Details & Cataloguing

Contemporary Art Day Auction


Antoni Tàpies
1923 - 2012
signed on the reverse
sand and mixed media on canvas
130 by 195 cm. 51 1/4 by 76 7/8 in.
Executed in 1968.
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Galerie Maeght, Paris
Galerie Rudolf Zwirner, Cologne
Private Collection, Cologne
Sotheby & Co, London, 3 April 1974, Lot 51
Acquired from the above by the present owner


Paris, Galerie Maeght, Tàpies, 1969, n.p., no. 8, illustrated
Siegen, Städtische Galerie Haus Seel, Rubenspreis, 1972, p. 31, no. 15, illustrated in colour


Alexandre Cirici, Tàpies, Witness of Silence, Barcelona 1972, p. 308, no. 315, illustrated in colour
Exh. Cat., Karlsruhe, Badisher Kunstverein; Kiel, Kunsthalle zu Kiel; Linz, Neue Galerie der Stadt Linz - Wolfgang-Gurlitt-Museum, Antoni Tàpies: Werk und Zeit, 1979-80, p. 139, no. 147, illustrated
Anna Agusti, Tàpies, Obra Completa: 1961-1968, Vol. 2, Barcelona 1988, p. 429, no. 1851, illustrated in colour

Catalogue Note

Up until the 1950s Antoni Tàpies’ work had been characterised by a heavily surrealist influence where automatic painting married symbolic autobiographical allusions. Those canvases belie the painter’s great admiration for heavyweights such as Joan Miró or Pablo Picasso, whose international reputation was even stronger in Spain. However, between 1953 and 1954, the artist’s output experienced a decisive change, one that would affect his oeuvre thereafter and which would come to play a central role in all of his two and three dimensional work. Following the example of Miró, but especially of the representatives of Art Informel such as Jean Dubuffet and Jean Fautrier, and fascinated by his reading of texts by Einstein, Heisenberg and Schrödinger about matter and the behaviour of particles, Tàpies began to introduce materials in his compositions that were considered unorthodox in painting but which are now synonymous with his practice, such as sand or dust mixed with glue and pigment. Known as “Pintura Matérica” or material painting, this particular style enabled the artist to not only represent reality by means of his paintings, but to capture reality itself in them. It was precisely during the second half of the 1950s and during the 1960s that Tàpies’ reputation became truly international, with his work featuring in numerous exhibitions in important institutions worldwide.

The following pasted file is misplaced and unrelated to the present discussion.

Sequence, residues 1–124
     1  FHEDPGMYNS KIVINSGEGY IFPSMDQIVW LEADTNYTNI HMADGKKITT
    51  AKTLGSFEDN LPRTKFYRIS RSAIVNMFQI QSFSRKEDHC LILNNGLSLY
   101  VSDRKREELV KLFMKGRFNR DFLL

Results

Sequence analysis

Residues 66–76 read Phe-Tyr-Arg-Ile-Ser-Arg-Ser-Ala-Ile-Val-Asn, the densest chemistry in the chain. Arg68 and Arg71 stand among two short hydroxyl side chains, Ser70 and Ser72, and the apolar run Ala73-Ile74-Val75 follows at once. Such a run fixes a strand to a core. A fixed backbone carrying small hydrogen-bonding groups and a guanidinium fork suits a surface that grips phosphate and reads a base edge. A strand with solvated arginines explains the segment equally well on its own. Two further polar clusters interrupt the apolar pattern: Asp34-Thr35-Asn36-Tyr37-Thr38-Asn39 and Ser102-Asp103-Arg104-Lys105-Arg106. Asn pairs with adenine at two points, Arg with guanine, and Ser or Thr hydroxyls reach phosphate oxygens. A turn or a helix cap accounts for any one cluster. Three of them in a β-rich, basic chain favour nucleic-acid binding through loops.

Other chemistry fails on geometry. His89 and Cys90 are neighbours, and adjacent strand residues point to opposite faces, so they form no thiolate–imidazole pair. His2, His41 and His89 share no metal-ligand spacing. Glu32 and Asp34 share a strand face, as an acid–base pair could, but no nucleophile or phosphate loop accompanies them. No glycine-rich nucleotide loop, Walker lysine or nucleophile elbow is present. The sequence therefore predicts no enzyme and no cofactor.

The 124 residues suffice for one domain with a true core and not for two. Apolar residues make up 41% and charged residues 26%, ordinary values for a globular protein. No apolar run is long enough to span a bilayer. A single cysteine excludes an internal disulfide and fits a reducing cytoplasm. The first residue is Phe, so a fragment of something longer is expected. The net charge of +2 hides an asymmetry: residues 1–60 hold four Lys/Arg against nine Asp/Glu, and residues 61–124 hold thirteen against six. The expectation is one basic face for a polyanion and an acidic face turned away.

In 1960, Tàpies’ works were included in the now emblematic show New Forms – New Media at the Martha Jackson Gallery in New York alongside those by Alberto Burri, John Chamberlain, Joseph Cornell, Claes Oldenburg and Robert Rauschenberg amongst others. That same year, Tàpies used the motif of the bed for the first time in one of his paintings; Brown Bed. The following decade was characterised by the artist’s interest in objects and their becoming a central theme in his oeuvre. Hailing from this period is Blue Bed, from 1968, which evidences Tàpies exploration of the theme throughout the years. Akin to Oldenburg’s reinterpretation of the everyday object in soft form or Rauschenberg’s assemblages in his Combines, Tàpies’ use of familiar objects in his compositions was born out of a deep desire to challenge the viewer’s conception of the reality that surrounds her. Here, Tàpies doesn’t only reinterpret the texture of a bed in the traditional sense of the idea – from a soft, welcoming piece of furniture into a harder, textured relief – but he also challenges our mental image of it by representing it in bright blue pigment. By challenging our perception of the bed, in Blue Bed Tàpies somehow achieved a much more successful representation of it, capturing its very essence on the picture plane.

Contemporary Art Day Auction